PlanPhilly

SEPTA builds new payment technology test facility, prepares for contactless system

    • John McGee, chief officer of new payment technology, shows a model of what the vending machine touch screen may look like
      John McGee, chief officer of new payment technology, shows a model of what the vending machine touch screen may look like
    • A wooden model is used to show the rough size and dimensions of the new turnstiles
      A wooden model is used to show the rough size and dimensions of the new turnstiles
    • The bus and trolley fare boxes, which were updated fairly recently, will not be replaced but modified
      The bus and trolley fare boxes, which were updated fairly recently, will not be replaced but modified
    • Crews moved two racks that will store the back end computer systems into the room SEPTA is turning into an NPT test facility
      Crews moved two racks that will store the back end computer systems into the room SEPTA is turning into an NPT test facility
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In a former storage room on the 18th floor of its Market Street building, SEPTA is setting up shop and building the Noah’s Arc of new payment technology – a test facility with two of every machine that will be used in SEPTA’s smart card payment system.

To prepare for the switch from the outdated token system to the highly anticipated “new payment technology” card-based fare collection, SEPTA has cleared a spare room and is beginning to install two ADA accessible turnstiles, two bus and trolley fare boxes, two vending machines, two information machines, like those users will see on outer regional rail platforms, and two backend computer systems. 

Now in the final phase of design for the new payment technology, SEPTA will use the room to develop the final equipment prototypes, offer technical training to staff, test the products with its “extended transit family” and work out any kinks that may arise. 

At the moment, the furnishings are sparse. The room has one plywood structure the size and shape of a turnstile with an ADA accessible gate, a touch screen like the one that will be installed in the vending machines, one bus fare box and two racks to hold the backend computer systems.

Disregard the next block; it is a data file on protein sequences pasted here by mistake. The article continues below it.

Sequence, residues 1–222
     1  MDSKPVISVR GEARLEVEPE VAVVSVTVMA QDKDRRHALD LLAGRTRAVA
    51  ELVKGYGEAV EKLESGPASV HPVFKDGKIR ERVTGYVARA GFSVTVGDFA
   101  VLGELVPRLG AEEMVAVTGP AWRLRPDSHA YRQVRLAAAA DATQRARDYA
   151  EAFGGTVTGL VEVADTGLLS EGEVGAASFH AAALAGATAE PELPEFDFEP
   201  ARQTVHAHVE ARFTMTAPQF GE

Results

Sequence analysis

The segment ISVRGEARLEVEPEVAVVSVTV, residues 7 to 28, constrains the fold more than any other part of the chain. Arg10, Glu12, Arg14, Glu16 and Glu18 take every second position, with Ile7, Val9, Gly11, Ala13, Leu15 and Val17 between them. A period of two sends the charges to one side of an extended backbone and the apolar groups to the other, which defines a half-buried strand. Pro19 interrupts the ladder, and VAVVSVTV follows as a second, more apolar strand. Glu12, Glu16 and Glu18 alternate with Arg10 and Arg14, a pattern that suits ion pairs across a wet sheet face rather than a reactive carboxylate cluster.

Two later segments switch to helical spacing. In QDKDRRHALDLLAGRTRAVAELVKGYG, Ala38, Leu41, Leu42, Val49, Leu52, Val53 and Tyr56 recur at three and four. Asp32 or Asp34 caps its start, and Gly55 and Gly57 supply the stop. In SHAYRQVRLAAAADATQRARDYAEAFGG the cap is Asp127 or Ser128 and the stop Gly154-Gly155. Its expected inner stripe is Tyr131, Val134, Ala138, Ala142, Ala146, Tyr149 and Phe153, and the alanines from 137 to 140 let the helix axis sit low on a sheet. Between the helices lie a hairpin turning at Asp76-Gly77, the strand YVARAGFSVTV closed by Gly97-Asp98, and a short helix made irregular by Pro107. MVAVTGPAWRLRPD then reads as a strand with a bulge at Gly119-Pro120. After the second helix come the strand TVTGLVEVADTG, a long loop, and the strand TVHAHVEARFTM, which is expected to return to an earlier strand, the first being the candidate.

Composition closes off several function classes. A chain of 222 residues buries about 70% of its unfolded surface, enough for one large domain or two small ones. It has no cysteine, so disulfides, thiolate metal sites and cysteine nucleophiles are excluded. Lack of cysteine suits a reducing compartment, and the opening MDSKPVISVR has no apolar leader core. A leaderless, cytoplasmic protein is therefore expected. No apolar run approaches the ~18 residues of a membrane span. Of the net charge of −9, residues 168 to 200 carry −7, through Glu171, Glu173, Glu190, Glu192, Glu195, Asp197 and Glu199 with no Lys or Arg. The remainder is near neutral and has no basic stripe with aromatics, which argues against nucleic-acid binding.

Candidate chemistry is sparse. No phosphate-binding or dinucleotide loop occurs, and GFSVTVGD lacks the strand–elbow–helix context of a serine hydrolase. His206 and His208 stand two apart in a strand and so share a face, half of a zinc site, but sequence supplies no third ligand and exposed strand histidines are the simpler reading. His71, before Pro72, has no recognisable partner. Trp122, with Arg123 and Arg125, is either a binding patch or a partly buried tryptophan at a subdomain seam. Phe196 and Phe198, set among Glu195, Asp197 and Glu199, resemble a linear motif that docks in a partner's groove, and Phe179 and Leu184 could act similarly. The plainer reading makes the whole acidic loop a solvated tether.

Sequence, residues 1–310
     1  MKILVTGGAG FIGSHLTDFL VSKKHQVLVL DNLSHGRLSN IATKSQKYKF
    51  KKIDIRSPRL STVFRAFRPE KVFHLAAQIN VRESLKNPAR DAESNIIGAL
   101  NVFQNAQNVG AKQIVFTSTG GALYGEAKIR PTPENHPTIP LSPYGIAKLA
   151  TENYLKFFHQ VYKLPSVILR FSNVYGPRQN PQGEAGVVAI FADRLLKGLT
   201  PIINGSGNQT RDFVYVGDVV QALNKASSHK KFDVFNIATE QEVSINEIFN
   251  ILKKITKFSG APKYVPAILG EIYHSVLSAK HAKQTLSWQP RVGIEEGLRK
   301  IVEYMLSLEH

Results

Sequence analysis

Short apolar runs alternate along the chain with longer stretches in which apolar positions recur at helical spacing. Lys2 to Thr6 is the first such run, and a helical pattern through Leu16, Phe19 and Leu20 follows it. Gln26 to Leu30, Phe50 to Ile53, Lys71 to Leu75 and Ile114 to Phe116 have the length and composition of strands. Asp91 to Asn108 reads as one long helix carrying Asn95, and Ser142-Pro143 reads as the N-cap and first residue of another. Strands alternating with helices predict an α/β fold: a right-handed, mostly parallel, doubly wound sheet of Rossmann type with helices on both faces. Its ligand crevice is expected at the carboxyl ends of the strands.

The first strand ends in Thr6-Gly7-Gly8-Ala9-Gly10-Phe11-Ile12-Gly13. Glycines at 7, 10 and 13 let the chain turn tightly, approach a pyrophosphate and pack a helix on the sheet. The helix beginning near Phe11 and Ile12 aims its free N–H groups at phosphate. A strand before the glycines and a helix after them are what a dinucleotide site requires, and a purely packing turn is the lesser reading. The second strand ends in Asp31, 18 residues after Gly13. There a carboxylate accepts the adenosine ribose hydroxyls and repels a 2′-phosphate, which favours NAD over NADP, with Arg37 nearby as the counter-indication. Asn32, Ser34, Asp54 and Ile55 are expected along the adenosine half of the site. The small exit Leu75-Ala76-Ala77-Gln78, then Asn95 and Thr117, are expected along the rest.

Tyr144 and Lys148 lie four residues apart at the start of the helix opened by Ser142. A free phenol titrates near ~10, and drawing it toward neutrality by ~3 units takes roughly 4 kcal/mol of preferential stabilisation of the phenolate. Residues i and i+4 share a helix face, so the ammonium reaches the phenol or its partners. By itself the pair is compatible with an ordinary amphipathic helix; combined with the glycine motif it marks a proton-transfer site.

New payment technology coming soon

But work on the new payment technology is moving quickly

By mid-January SEPTA plans to complete the design phase. In the summer of 2013, SEPTA will conduct two test runs, and in September 2013 it will launch the new payment technology on the subway, busses and trolleys. The card system will be fully implemented on these modes of transit by 2014, and regional rail will follow a few months later with implementation by mid-2014.

System-wide signs of progress are beginning to show. Construction is underway at the 69th Street Transportation Center. On the Fox Chase line crews are digging trenches for the conduits that will power the mobile information display screens, and a couple weeks ago crews removed turnstiles at some stations to see what the floor underneath looks like. 

John McGee, Jr., SEPTA’s chief officer of new payment technologies, said SEPTA is doing this type of preparation so that as soon as the equipment is ready it can be installed and activated. 

Changing rides

On the buses, subways and trolleys, instead of dropping a token into the turnstile, riders will hold a contactless card up to a card reader. Other than that, riding on the subways and busses won’t be much different. 

Regional rail will see more changes. In the five Center City stations – Market East, Suburban, 30th Street, Temple University and University City – users will tap their card on a reader to enter the platform and tap their card on the reader to leave the platform. SEPTA is still working out the full details of how to account for and charge all regional rail trips system wide. 

Riders will be able to purchase temporary cards and various passes or add value to permanent fare cards at vending machines. These vending machines, though, will accept cash, credit and debit cards. Riders will also be able to pay directly through the turnstile with certain credit and debit cards and cell phones.